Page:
Reports that a drone hit an athlete competing in a triathlon in Western Australia’s Mid West are being investigated by the Civil Aviation Safety Authority (CASA).
Raija Ogden reportedly sustained minor head injuries after the drone’s operator lost control of the device. The videographer operating the drone claimed the craft had crashed because someone in the crowd had hacked his drone and made it crash on purpose.
The drone was being used to film competitors in the Geraldton Endure Batavia triathlon in western Australia. Ms Ogden was treated at the scene of the accident before being taken to hospital where stitches were required to close a head wound. Geraldton Triathlon club has apologised to Ms Ogden who was only metres away from the finishing line when she sustained her injuries.
Drone was hacked
The drone was being piloted by local photographer Warren Abrams who set it hovering about 10m above the race route to capture images of competitors completing the 10km run section of the triathlon.
Conflicting reports about the incident have emerged in local media. Some witnesses said the drone fell directly on to Ms Ogden but others said she tripped and fell after being startled by the plummeting device.
Mr Abrams told ABC news that video footage shot by the drone clearly showed it missed Ms Ogden and fell just behind her. In later reports Ms Ogden disputed this version of events saying she only sat down as she thought she was going to faint after the craft hit her.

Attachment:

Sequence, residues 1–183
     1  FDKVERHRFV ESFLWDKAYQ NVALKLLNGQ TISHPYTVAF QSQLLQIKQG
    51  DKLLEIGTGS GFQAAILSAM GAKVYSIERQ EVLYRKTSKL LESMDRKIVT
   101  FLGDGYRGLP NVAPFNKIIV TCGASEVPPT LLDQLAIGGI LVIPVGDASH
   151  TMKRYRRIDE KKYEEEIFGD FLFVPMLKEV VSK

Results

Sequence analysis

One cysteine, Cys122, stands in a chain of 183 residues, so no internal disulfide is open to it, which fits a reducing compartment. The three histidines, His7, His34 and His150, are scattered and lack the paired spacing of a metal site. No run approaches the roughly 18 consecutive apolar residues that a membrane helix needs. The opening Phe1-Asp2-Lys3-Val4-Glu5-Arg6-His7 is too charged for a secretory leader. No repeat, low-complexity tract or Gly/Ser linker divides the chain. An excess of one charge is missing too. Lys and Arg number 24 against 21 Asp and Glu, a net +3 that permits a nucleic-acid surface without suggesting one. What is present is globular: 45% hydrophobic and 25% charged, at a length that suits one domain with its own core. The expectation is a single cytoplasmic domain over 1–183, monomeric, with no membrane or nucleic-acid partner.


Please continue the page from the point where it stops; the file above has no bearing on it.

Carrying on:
Channel hopping is a form of hacking which can render the drone uncontrollable to the original operator. Mr Abrams said it was a deliberate act and it would be difficult to determine who was responsible as something as common as a mobile phone could be used to perform a channel hop. The videographer added that there had been a similar incident when the drone was flown earlier in the day.
He said a full check was conducted and the device was taken elsewhere for a test flight, but he said no issues were detected. CASA spokesman Peter Gibson said he was confident sophisticated drones used in commercial operations would not be able to be controlled or hacked in that way. “the simpler ones that you can go down to a store and buy, maybe that is possible given that they’re that much more basic,” he said.
“It’s very unlikely they’re going to be used in commercial operations where they’re going to be near people or property.”
The incident is now being investigated by Australia’s Civil Aviation Safety Authority whose rules dictate that unmanned aircraft must fly a minimum of 30m away from people. Operators of drones are required to be certified by the agency to fly the unmanned craft.
The Agency is now looking into the incident as news reports raised questions about whether Mr Abrams was certified to operate the drone.
Mr Abrams said his initial investigation suggested that he lost control after someone else briefly took over flying the drone. Determining who in the crowd of competitors had stolen control would be tricky, he said, because smartphones could easily be used to carry out such an attack.